If you have related charges running at the same time, the Application for the AVO can stay with the charge matter until the charges are dealt with to finality. Usually in such circumstances the AVO is continued on an interim basis.
Important to Note
An Apprehended Violence Order is not a criminal charge. It does not amount to a conviction on a person’s criminal history. Never the less, depending on your circumstances, the existence of an order can have real ramifications for where you can live and work.
Brady and Associates Lawyers have considerable expertise in the area of AVOs and are well practiced in the current law. We will appear on your behalf, negotiate with the Prosecution, help you with your Defence case, draft statements and Affidavits, and appear at any hearing of the evidence.
Private Applications for AVOs
An AVO can be applied for by any individual or their legal representative. A court will determine whether Final Orders are reasonable. They make this decision after a hearing on the evidence and on the balance of probabilities. Costs can be ordered against the unsuccessful party, including the costs of their legal counsel.
Private AVO applications can be stressful and expensive. Because of this, the likelihood of success should be considered prior to making the making application. Brady and Associates Lawyers can help you with initial advice to determine whether an order is the most effective way of dealing with your situation. Secondly, we can objectively assess whether the Application has reasonable prospects of success. Getting smart legal advice at this stage can save you a great deal of money in the long run.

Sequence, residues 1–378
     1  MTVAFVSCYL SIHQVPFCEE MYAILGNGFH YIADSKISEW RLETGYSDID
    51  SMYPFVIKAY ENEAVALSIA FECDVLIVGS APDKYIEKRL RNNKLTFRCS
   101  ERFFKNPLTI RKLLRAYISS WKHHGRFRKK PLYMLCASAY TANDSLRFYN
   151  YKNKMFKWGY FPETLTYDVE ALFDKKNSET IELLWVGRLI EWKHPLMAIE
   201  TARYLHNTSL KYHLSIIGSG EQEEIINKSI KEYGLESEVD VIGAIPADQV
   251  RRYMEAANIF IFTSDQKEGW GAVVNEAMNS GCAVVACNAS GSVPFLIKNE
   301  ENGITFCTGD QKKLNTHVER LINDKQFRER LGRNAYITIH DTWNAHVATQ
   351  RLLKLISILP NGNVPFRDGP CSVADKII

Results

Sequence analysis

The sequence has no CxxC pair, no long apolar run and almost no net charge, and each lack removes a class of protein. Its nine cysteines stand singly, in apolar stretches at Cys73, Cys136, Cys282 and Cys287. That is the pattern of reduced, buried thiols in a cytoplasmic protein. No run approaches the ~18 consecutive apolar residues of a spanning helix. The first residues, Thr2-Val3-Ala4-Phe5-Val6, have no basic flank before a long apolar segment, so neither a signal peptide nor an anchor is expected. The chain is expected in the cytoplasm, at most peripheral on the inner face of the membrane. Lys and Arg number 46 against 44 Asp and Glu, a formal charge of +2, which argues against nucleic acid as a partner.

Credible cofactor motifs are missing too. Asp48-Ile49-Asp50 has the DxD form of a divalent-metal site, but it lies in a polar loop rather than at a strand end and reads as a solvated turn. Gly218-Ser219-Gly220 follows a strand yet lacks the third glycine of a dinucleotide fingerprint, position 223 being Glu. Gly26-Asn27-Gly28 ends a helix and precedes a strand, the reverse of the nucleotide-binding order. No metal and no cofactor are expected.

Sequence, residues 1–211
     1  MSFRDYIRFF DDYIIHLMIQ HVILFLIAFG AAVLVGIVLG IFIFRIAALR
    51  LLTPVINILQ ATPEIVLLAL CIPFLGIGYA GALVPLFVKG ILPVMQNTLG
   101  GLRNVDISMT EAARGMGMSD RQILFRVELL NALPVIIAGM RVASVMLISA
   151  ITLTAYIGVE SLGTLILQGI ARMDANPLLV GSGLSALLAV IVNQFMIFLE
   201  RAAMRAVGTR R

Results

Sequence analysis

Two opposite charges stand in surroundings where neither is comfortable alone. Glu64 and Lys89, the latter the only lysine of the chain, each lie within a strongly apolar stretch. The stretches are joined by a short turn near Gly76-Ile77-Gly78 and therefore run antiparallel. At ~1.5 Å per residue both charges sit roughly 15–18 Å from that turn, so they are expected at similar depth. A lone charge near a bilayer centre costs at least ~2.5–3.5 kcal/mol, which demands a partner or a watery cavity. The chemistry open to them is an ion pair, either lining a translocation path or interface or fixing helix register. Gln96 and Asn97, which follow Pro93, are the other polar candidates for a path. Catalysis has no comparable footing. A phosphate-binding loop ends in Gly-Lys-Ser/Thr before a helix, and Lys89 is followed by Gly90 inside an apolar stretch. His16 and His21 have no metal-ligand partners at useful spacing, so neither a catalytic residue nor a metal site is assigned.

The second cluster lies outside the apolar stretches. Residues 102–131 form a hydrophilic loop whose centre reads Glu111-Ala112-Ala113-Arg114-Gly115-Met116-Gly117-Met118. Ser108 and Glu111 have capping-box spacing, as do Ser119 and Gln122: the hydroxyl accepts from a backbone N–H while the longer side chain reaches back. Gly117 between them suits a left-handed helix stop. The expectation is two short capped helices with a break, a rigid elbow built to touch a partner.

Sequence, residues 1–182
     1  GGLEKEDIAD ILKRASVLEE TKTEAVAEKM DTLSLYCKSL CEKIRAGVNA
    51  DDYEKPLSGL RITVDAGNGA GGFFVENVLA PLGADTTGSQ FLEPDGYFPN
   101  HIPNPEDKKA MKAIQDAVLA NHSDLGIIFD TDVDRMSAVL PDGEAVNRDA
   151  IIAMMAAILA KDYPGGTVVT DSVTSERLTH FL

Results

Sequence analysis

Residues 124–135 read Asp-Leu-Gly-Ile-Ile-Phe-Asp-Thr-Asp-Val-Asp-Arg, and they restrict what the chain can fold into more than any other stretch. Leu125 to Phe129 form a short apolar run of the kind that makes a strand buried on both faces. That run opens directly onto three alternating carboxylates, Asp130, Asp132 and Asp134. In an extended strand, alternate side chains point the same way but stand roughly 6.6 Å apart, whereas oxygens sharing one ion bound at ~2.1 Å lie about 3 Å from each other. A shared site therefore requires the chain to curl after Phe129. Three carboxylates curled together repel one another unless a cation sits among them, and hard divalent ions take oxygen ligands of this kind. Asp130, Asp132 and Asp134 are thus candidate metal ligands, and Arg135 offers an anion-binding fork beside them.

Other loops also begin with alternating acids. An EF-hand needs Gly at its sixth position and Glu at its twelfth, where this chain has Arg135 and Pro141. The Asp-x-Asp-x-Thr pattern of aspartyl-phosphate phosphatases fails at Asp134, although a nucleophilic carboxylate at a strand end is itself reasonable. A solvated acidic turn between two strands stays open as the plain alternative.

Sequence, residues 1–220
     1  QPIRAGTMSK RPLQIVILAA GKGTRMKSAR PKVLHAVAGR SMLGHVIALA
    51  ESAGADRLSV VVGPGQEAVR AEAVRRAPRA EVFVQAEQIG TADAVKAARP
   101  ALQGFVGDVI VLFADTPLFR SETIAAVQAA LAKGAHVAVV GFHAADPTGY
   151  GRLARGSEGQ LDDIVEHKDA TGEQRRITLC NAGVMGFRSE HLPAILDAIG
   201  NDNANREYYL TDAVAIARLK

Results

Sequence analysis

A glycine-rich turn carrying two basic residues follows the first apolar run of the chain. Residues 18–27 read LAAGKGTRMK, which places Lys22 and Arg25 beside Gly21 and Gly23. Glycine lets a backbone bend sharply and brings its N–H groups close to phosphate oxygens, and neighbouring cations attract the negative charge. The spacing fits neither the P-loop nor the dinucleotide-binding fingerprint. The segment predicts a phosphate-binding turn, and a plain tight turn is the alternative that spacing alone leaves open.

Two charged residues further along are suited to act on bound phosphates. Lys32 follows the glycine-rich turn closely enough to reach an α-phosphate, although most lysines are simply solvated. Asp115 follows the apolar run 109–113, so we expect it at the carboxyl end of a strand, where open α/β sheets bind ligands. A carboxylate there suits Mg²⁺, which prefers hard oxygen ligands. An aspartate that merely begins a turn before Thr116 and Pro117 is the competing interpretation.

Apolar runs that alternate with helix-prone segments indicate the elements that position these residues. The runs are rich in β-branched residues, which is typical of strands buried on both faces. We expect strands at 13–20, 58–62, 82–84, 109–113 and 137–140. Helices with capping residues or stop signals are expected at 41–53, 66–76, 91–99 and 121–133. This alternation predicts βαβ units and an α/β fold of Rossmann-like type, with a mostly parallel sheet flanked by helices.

First of all you may be ordered to attend mediation at the first mention date.
If mediation is not successful or not appropriate (because there are allegations of violence involved) then a timetable will be set for the service of evidence. This evidence must be in a proper format and easily understood. It must be served by the ordered date or may not be accepted by the court. You should receive legal advice as to what should be covered in your affidavit. The evidence in the Affidavit must be capable of satisfying the court that you hold reasonable fears.
After the statements/affidavits are served, a date is set for hearing. Your application may be dismissed if you do not attend the hearing or any of the court dates. Consequently, costs will probably be awarded to the other side. To make sure that the parties have complied with their timetable orders the court will set a “compliance” mention date.
Above all, Brady and Associates Lawyers have plenty of experience in dealing with such matters. We have the expertise to negotiate a settlement as needs be.
Brady and Associate’s Principal Lawyer Amanda Brady has a Masters in dispute resolution and can prepare you for any Mediation. We offer training prep in advance for Mediation participants based upon the facilitative model.
Mediation is not like a court as the Mediator is not a ‘Judge’ and they do not make any orders. Therefore, at the Mediation Conference, the Mediator facilitates the parties to negotiate their own agreement.
Consequently mediation can bring better outcomes and be less costly than fighting it out in court.
After advice and preparation with Brady and Associates Lawyers, you will:
- Know what to expect at Mediation
- Understand the Mediation Process
- Be able to negotiate the best outcome for you
- Know the worst outcome for you
- Assess the needs of the other side